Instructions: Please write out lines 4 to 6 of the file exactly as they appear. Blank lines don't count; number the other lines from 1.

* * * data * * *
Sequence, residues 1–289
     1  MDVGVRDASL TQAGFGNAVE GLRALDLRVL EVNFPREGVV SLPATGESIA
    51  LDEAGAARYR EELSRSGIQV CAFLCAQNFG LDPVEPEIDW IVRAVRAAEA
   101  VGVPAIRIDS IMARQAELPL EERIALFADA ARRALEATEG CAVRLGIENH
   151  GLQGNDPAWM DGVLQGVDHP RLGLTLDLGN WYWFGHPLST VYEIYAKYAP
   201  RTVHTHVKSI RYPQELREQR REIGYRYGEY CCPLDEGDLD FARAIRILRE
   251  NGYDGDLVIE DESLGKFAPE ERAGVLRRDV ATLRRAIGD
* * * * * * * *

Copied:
   101  VGVPAIRIDS IMARQAELPL EERIALFADA ARRALEATEG CAVRLGIENH
   151  GLQGNDPAWM DGVLQGVDHP RLGLTLDLGN WYWFGHPLST VYEIYAKYAP
   201  RTVHTHVKSI RYPQELREQR REIGYRYGEY CCPLDEGDLD FARAIRILRE